Mammals have adapted to live in a wide variety of habitats, temperatures, and environments. Although mammals all share the same characteristics, I wanted to look into how they survive in these different conditions.
Mammals are endothermic and can regulate the temperature inside their bodies. Mammals regulate their temperature using oxygen, blood circulation, and by turning their food into energy.
If you want to find out how different types of mammals survive and keep warm in extreme conditions, I have some further information below.
Mammals have adapted to lead different lifestyles in a range of different habitats and environments. The key to this is their metabolic rate. The metabolic rate is a measure of how the chemical processes in the mammal’s cells produce the energy they require for their daily activities.
Their daily activities include internal bodily functions, contraction of the muscles during movement, and the brain’s use in processing information. The animals also require energy to stop their bodies from cooling down when the conditions are cold.
Energy is taken from the food that they eat. Carbohydrates and fats are broken down into water and carbon dioxide. Animals have different states of metabolic rate. The lowest is called the basal level.
This is normally when the animal is resting. The highest metabolic rate would be when they are running at their full speed. This is called the maximum level.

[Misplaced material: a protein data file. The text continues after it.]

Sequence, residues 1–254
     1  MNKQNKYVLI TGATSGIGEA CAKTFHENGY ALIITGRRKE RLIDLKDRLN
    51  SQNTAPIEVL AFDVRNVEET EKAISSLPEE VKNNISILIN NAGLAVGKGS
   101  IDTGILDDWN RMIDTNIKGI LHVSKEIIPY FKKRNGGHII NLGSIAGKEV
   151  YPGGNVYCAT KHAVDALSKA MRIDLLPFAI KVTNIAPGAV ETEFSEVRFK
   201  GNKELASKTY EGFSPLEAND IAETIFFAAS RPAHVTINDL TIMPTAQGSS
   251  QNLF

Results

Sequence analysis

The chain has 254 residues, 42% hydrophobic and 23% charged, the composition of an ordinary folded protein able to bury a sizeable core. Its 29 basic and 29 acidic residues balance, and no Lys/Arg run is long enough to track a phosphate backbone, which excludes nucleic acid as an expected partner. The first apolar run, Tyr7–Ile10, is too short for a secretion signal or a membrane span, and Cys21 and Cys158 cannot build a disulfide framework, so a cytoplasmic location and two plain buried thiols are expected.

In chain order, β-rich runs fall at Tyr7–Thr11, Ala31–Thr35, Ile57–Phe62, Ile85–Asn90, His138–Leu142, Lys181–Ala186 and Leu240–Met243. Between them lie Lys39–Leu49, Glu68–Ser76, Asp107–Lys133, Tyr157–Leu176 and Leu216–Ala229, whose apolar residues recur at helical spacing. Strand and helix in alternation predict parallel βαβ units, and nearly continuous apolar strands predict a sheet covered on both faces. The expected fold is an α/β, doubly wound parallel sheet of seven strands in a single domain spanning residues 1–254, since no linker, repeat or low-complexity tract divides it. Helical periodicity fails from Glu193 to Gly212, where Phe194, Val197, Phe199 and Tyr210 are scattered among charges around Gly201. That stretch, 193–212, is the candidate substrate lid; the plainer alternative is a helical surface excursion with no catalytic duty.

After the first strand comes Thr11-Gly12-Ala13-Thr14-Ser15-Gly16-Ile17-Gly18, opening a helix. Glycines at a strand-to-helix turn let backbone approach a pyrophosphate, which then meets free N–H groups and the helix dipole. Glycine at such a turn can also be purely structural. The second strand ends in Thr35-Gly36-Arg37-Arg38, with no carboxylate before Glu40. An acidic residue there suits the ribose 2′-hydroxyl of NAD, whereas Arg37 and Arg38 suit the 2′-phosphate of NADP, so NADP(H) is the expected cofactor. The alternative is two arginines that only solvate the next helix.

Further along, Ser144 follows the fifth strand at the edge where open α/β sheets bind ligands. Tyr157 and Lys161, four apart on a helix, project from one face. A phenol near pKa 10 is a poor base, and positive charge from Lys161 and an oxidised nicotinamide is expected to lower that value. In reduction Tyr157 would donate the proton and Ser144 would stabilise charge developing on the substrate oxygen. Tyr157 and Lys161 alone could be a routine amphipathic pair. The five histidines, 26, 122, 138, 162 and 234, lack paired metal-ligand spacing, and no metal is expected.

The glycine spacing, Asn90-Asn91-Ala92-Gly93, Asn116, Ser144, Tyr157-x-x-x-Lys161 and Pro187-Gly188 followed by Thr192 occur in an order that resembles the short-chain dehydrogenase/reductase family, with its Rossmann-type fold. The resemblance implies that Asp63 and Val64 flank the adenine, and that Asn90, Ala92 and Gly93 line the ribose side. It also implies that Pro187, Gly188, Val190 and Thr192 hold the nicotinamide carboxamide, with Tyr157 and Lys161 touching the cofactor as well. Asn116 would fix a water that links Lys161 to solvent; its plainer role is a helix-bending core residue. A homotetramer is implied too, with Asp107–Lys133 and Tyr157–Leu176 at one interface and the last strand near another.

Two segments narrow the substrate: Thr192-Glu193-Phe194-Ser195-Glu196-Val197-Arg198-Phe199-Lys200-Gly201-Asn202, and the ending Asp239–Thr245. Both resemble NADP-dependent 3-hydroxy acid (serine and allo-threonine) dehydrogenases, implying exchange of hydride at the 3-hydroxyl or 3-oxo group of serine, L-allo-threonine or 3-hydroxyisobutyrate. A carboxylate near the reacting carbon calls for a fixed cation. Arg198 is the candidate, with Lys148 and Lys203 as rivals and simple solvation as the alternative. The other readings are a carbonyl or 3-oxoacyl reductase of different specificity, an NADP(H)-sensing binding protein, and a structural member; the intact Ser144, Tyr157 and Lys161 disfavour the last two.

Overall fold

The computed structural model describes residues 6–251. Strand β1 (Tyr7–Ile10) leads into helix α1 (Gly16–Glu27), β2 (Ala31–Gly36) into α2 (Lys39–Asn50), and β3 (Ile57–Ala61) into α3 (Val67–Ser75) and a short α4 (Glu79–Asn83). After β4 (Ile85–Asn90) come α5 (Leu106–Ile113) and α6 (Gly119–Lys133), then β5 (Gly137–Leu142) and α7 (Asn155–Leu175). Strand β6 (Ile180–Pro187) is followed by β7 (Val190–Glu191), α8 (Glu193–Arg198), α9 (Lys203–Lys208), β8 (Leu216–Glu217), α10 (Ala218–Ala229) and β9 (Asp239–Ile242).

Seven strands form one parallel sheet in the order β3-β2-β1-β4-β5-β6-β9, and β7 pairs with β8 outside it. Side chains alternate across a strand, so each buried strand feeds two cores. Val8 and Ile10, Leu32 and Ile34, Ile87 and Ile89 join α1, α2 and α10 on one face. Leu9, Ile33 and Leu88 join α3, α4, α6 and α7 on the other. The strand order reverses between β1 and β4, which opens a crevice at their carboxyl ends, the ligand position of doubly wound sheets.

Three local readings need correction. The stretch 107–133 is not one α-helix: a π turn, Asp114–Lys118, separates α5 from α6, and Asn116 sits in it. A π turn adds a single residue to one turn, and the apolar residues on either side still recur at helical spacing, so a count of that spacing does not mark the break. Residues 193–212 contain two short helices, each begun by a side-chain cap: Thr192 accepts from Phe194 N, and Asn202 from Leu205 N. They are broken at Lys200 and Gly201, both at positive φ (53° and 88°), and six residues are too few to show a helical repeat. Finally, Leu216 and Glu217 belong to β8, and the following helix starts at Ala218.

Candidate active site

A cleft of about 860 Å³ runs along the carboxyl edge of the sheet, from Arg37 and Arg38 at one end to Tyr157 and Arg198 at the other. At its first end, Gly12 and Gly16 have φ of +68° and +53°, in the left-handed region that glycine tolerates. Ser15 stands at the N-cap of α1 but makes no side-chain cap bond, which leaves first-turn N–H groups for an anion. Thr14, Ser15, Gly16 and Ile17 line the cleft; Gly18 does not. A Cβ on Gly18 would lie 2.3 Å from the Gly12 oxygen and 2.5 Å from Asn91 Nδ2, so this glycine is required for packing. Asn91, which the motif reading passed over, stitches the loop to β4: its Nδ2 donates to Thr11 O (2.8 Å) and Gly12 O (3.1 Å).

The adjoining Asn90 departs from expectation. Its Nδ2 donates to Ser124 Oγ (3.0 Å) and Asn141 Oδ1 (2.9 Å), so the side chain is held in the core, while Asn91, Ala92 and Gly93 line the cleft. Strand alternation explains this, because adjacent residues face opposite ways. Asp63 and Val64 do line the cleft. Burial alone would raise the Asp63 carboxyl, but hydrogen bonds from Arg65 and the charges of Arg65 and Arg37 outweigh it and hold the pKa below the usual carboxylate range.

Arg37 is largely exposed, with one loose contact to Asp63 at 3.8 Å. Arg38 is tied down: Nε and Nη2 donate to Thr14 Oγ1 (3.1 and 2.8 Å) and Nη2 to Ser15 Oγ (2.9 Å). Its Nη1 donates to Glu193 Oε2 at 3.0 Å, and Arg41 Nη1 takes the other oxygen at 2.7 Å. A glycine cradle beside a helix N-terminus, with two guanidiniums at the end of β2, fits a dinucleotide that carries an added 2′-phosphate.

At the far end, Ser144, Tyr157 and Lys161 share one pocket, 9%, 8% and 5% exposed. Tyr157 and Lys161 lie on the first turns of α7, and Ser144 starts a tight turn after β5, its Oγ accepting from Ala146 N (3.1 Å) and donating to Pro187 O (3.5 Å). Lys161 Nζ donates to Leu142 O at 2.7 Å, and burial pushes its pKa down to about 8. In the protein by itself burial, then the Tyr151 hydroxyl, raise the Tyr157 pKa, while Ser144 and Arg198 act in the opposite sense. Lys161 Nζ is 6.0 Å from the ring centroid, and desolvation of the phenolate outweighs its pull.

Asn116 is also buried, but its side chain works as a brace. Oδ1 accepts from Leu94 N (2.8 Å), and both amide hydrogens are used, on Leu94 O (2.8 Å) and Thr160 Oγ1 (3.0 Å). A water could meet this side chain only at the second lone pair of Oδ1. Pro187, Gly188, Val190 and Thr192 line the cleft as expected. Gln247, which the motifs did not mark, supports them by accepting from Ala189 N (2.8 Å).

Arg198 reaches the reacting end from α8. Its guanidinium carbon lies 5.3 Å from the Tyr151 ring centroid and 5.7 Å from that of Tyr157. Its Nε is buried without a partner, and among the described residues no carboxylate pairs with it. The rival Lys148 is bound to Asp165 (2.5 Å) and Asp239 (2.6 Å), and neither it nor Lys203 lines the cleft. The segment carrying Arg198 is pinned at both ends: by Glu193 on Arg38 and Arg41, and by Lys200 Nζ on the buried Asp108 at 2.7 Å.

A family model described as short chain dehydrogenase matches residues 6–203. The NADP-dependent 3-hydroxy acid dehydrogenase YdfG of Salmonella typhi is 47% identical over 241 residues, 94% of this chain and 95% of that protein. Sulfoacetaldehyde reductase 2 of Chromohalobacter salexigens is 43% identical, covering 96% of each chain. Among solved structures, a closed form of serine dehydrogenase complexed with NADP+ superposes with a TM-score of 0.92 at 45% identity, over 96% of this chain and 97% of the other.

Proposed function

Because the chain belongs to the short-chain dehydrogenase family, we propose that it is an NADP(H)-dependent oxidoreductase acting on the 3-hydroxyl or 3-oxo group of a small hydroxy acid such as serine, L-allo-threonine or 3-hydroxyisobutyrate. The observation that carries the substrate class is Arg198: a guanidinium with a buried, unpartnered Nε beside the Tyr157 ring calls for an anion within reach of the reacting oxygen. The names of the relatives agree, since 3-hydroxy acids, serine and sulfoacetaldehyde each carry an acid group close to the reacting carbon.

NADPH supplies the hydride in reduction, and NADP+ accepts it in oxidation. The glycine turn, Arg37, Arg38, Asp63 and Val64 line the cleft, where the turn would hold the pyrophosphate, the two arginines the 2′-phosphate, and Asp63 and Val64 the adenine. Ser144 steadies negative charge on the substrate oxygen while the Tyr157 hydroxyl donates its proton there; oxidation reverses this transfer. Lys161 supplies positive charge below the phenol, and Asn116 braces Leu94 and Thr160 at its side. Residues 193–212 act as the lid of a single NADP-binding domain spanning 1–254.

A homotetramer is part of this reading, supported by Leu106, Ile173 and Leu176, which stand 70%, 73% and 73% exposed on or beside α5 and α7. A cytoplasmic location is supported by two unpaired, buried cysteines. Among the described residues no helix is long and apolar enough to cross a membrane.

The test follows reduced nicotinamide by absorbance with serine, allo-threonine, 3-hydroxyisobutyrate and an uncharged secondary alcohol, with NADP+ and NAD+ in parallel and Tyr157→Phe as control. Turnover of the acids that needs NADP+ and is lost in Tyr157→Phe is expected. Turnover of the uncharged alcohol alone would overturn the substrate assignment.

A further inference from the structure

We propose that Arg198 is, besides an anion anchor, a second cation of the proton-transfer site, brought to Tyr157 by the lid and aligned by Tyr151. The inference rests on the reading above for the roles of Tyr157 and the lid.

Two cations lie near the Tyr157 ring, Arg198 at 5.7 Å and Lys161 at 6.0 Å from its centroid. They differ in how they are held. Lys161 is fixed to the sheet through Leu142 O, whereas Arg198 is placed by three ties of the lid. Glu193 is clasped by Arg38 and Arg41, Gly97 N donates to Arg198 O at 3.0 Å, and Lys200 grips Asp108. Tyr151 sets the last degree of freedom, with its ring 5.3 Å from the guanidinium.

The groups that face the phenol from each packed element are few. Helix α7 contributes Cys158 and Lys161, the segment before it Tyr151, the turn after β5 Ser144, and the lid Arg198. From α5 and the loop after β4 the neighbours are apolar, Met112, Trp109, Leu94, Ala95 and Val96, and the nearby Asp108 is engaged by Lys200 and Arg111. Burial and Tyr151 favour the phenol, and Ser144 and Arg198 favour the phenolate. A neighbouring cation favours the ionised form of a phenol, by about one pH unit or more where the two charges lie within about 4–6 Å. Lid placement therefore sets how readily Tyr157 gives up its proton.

Different animals have different measurements of the basal level and maximum level. Mammals have a metabolic rate that is very high compared to other animals.
A cold-blooded animal like a crocodile would have a low metabolism. A warm-blooded mammal may have a metabolic rate that is five to ten times higher, even in the resting, basal state.
The high metabolic rate allows the animal to run further, hunt for longer, climb further, and swim greater distances without stopping and resting.
The extra heat generated from having a high metabolic rate allows the body to be kept at a constant, higher temperature.
This will enable mammals to live in a range of temperatures, ranging from the arctic fox that lives in icy conditions to the pronghorn, making its home in hot, desert conditions.
This extra heat generated by their high metabolic rate also allows the mammals to function both during the day and the night.
This physiology of mammals is called endothermy. This involves their constant, high body temperature, maximum activity level, and high metabolic rate.
The primary source of the heat is due to chemical reactions in the body tissues. This is in contrast to animals that are classed as ectotherms. Animals such as reptiles and amphibians source their heat from the environment around them, grading them as ectotherms.
Endothermy is linked to almost every part of a mammal’s life. The high metabolic rate is due to endothermy. Mitochondria in the cells produce energy, and this energy is distributed through the bloodstream as heat to maintain the body’s temperature. In a resting mammal, the major organs such as the brain, intestines, kidneys, and liver produce most of the heat.
Once the animal is moving, the muscles will produce large amounts of heat.